Friday, September 30, 2011

Another Adverse Consequence of Welfare-On-Demand

From today's Open Europe news summary:

Commission threatens to sue UK over benefits test
The European Commission has threatened to take legal action against Britain arguing that the UK’s “right to reside” test for determining benefit entitlements indirectly discriminates against non-UK nationals. The Government fears the move could leave taxpayers facing a bill of up to £2.5bn to pay for EU nationals, including “benefit tourists”, a new cost that could ruin the Coalition’s plans for welfare reform. In the Telegraph, Work and Pensions Secretary Iain Duncan Smith writes, “This kind of land grab from the EU has the potential to cause mayhem to nation states, and we will fight it.”
Open Europe’s Stephen Booth is quoted in the Mail saying, “Freedom of movement within the EU has largely been positive for the UK but issues surrounding benefits and social security are understandably very sensitive. For the freedom of movement within the EU to work, governments have to be able to assure their citizens that welfare systems won’t be abused.”
Meanwhile, in the Netherlands, Elsevier reports that a parliamentary enquiry has found that that the Dutch government underestimated and was underprepared for the number of migrants from Eastern Europe after EU enlargement.
Times Telegraph Telegraph: Duncan Smith Conservative Home Sun Express Express: Leader Mail Mail 2 Elsevier NOS

Here in the U.S. the states have known for a long time that generous welfare benefits attract "welfare benefit shoppers", from both within the U.S. and without. But the EU is going further than even the U.S. in mandating that their members--who, after all, are SOVEREIGN countries--establish NO criteria that would discriminate against such welfare benefit shoppers. It is welfare-on-demand and other socialist enterprises such as taxpayer education for non-citizens that is the primary cause of the backlash against the economically beneficial free movement of labor across political borders.

Thursday, September 29, 2011

A Tactic of the Euro Elitists

From today's Open Europe news summary:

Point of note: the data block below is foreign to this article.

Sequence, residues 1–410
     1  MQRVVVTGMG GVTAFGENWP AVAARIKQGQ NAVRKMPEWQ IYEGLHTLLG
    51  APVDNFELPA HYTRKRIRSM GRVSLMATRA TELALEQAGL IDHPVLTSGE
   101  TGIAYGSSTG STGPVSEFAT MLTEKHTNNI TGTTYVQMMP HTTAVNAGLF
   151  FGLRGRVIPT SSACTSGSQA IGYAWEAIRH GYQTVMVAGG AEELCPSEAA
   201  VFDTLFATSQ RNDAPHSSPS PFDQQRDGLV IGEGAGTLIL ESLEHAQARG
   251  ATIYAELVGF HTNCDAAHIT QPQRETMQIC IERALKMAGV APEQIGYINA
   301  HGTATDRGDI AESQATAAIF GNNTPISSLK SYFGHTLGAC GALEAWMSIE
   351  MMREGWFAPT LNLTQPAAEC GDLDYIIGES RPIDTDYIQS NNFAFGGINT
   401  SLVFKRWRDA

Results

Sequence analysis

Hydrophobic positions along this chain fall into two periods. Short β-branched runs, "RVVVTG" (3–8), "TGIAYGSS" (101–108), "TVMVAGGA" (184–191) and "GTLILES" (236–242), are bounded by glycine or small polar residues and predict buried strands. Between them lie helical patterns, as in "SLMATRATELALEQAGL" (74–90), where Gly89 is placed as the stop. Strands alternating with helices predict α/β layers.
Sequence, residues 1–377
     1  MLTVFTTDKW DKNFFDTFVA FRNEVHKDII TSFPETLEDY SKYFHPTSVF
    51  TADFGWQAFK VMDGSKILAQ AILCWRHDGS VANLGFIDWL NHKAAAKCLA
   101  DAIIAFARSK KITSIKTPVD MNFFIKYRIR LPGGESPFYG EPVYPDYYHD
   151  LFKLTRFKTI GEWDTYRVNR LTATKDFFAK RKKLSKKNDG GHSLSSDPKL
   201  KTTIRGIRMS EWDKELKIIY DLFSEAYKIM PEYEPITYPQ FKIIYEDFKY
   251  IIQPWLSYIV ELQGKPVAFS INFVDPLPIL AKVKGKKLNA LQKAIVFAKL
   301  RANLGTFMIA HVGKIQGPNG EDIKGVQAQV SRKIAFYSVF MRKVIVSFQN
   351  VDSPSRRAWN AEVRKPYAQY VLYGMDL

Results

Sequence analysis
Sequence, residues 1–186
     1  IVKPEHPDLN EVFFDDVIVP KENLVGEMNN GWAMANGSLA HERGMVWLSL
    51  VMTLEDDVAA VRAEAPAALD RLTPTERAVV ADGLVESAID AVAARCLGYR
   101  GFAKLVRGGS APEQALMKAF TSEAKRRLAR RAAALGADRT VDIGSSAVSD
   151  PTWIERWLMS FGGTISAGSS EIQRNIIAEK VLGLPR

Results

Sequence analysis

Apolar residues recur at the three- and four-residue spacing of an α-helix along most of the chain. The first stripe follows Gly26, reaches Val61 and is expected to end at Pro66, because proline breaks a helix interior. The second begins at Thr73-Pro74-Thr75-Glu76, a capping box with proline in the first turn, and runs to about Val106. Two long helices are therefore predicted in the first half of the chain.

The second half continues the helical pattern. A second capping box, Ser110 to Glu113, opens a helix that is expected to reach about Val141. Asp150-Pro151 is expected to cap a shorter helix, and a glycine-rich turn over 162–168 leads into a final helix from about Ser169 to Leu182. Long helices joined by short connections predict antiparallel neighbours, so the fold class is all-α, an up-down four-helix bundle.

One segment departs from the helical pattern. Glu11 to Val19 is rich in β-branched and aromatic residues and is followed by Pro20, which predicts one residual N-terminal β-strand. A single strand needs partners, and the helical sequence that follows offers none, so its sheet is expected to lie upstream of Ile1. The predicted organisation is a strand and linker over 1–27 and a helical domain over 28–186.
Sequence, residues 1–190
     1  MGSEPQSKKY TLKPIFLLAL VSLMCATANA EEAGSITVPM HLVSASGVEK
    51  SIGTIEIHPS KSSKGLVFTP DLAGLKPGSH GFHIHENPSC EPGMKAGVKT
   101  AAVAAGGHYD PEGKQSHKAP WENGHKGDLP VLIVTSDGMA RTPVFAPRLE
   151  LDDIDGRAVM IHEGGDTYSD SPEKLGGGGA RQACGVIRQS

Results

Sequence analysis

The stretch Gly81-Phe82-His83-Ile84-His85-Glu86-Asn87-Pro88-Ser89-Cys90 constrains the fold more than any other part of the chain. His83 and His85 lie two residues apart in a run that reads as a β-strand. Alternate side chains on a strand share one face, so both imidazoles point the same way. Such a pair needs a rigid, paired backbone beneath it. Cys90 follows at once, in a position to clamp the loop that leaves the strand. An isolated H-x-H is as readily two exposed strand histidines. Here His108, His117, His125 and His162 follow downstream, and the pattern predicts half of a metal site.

Meanwhile, the Guardian reports on Deputy Prime Minister Nick Clegg’s speech in Warsaw today, in which he is expected to argue, “Any change to governance structures must not lead to a weaker and divisive Europe where the aims of ‘Euro ins’ are set against those of ‘Euro outs’. There can be no inhibiting of trade, for example, and no obstructing the single market. Any decision that affects the 27 must always be taken by the 27.”
Open Europe blog Spectator Coffee House blog FT Mail Guardian Times

One of the tactics of the Euro elitists is to equate support for the Euro as support for free markets and opposition to the Euro as opposition to free markets. This is a logical fallacy. Many countries engage in free trade with one another even though they do not use a common currency. Nevertheless, if Nick Clegg's desire is to expand trade while minimizing currency conversion costs, he should support a return to the classical nineteenth century gold standard in which each country's currency was merely an expression of a certain weight of gold. He should reflect upon these words of Ludwig von Mises in Human Action:

"The gold standard was the world standard of the age of capitalism, increasing welfare, liberty, and democracy, both political and economic. In the eyes of the free traders its main eminence was precisely the fact that it was an international standard as required by international trade and the transactions of the international money and capital market. It was the medium of exchange by means of which Western industrialism and Western capital had borne Western civilization into the remotest parts of the earth’s surface, everywhere destroying the fetters of age-old prejudices an superstitions, sowing the seeds of new life and new well-being, freeing minds and souls, and creating unprecedented progress of Western liberalism ready to unite all nations into a community of free nations peacefully cooperating with one another."

Tuesday, September 27, 2011

The ECB as a Fed Clone?

From today's Open Europe news summary:

Mats Persson: Topping up bailout fund through ECB could prove to be “non-starter”